Thursday, October 9, 2008

A quick rundown of public performance guidelines for FILM

I am completely overwhelmed by the many guidelines that accompany the section of copyright law that governs public performance. I will attempt, in this blog posting, to list some interesting aspects of the law with regard to film rights, as well as some items that you may or may not realize are part of law.

According to the textbook, "Copyright for Schools," public performance of audiovisual media requires one of these three things: (1) permission from the copyright owner to hold public performance (2) a license from a rights broker that covers the work to be shown (3)payment of royalties to the copyright owner or his agent

When it applies to schools, the issue with showing films usually have to do with non-instructional showings. Showing a movie during recess that doesn't relate to content, showing a movie on a bus trip, making back-up copies of films, or showing films for entertainment such as during special after-school functions are illegal and copyright violations.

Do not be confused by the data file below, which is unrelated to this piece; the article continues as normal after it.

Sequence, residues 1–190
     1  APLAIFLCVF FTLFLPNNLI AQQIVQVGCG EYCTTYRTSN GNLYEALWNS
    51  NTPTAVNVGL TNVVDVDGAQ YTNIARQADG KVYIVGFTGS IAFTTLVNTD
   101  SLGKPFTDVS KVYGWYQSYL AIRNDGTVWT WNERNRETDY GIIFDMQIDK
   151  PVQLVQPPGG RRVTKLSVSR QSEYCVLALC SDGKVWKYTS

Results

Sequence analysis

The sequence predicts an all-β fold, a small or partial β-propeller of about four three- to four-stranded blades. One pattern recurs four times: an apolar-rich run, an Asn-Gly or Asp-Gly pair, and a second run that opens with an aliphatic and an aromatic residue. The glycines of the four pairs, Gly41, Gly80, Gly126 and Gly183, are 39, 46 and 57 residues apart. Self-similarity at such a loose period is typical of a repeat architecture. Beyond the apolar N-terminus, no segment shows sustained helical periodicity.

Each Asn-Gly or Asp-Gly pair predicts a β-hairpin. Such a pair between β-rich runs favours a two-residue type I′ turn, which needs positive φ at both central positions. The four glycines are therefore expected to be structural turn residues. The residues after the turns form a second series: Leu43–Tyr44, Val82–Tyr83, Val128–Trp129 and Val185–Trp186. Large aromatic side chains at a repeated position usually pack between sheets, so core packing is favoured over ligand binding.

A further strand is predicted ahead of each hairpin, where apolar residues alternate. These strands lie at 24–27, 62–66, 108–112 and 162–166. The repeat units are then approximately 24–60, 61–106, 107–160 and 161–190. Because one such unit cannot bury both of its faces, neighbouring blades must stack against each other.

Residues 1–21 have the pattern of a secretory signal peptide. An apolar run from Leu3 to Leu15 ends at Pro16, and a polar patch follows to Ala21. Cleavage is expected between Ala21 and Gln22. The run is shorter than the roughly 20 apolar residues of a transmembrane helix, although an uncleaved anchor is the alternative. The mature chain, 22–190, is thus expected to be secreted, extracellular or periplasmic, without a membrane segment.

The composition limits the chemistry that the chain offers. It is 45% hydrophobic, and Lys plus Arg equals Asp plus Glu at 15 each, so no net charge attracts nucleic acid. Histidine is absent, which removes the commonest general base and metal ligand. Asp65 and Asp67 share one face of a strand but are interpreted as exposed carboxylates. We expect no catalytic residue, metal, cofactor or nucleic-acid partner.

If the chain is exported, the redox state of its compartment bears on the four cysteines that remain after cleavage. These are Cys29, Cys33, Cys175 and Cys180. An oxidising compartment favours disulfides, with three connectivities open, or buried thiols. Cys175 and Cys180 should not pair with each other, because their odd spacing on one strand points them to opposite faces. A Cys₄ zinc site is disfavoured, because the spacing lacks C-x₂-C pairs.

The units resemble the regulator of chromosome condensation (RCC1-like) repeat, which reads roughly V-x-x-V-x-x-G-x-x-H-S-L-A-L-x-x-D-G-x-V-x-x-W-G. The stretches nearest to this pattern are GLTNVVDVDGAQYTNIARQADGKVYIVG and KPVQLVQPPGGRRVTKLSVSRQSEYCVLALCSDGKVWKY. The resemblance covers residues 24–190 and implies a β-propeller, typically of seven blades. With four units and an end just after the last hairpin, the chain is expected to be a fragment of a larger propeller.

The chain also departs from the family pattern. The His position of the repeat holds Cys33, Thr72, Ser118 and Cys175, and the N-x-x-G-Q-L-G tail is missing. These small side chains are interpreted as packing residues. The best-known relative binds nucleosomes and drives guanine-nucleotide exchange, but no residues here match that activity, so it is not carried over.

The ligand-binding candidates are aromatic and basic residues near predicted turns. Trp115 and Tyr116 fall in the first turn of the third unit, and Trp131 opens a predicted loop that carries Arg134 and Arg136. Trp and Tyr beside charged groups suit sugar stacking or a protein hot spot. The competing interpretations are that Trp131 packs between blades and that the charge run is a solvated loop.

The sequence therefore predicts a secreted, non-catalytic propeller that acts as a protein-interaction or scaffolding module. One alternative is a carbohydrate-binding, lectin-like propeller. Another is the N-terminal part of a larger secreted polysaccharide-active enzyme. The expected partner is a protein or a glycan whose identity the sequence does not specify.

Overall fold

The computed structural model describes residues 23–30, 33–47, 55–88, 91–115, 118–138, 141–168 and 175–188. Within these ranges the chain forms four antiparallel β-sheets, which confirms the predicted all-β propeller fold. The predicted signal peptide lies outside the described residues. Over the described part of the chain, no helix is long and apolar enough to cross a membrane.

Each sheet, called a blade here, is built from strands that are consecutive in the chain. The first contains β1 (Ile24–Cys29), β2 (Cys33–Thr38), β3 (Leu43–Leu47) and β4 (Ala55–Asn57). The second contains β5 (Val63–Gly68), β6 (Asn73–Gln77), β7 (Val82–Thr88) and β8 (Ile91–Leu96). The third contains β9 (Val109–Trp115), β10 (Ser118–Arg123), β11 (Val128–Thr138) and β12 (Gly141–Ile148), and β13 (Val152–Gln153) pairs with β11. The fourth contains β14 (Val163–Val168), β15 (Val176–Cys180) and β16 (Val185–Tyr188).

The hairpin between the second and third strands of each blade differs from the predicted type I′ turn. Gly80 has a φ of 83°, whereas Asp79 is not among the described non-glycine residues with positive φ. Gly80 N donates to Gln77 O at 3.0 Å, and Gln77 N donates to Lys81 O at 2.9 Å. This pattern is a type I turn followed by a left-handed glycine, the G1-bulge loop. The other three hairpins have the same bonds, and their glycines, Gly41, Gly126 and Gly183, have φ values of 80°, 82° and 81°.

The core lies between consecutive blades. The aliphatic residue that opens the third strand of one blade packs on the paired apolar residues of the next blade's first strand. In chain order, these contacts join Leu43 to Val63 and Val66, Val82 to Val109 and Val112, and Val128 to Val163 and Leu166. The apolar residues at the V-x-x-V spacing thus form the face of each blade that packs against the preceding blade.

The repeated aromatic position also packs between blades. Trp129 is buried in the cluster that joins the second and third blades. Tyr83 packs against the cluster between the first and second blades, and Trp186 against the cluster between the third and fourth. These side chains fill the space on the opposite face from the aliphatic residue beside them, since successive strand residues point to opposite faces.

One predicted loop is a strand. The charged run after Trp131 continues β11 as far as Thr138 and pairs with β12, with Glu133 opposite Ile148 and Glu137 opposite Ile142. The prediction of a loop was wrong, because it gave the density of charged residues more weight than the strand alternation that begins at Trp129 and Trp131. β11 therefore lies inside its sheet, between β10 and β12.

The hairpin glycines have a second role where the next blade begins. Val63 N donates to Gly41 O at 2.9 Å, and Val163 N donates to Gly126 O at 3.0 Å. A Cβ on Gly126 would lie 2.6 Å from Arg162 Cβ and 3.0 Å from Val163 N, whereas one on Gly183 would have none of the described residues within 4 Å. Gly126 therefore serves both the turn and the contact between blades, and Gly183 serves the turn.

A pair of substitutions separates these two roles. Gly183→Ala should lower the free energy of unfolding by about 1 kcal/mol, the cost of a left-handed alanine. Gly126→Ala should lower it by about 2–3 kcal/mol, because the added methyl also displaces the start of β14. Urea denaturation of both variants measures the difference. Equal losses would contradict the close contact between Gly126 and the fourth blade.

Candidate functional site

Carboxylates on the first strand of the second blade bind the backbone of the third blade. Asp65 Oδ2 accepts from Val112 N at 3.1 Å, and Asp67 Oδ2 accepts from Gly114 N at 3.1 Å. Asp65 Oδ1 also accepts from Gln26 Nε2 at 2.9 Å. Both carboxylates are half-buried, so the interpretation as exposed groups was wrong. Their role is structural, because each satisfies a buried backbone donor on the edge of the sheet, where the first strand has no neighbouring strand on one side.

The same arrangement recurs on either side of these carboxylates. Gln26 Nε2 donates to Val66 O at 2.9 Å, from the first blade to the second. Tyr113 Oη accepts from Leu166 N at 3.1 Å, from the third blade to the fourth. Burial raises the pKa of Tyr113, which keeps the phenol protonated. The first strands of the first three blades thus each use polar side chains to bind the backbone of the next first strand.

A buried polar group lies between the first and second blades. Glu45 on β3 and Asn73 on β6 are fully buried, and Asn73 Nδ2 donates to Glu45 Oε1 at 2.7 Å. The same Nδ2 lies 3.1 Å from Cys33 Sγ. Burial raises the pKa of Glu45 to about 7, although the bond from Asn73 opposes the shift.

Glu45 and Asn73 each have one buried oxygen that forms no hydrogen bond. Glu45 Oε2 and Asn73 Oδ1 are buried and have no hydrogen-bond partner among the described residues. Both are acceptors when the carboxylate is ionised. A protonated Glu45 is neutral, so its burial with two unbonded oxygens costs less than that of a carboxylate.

There is a legal exemption to this law...if a teacher relates the film's content to instruction and the activity is for teaching purposes then it is legal. So in essence, even in a school environment, you may not show a copyrighted film unless it relates to instruction.

There must also be a face-to-face teaching requirement---the film must pertain to what is taught at the time, not, for example, a semester later.

Schools can purchase films that come with public performance rights included in the price. there are a variety of vendors who do this and the Johns Hopkins University link takes you to a list of those distributors.

In essence, these question must all be answered YES, otherwise public performance rights must be obtained... (1) Is it being shown as NONPROFIT EDUCATIONAL? (2) Will it be shown in a CLASSROOM or SIMILAR PLACE (3) Are only INSTUCTORS and PUPILS present? (4) Is it a LEGALLY ACQUIRED COPY?

In order to avoid any violation of the copyright law, my suggestion not show any film outside of an instructional setting unless legal rights have been acquired.

1 comment:

Brandy said...

I have to say that this area of copyright surprised me the most. Especially, since when I was in high school we often watched movies on the bus and recently at a PTO meeting we were reading a journal that suggested having a "Family Movie Night" as an activity to plan, but did not mention anything about getting performance rights. I understand the purpose, but I think area would be very hard to enforce.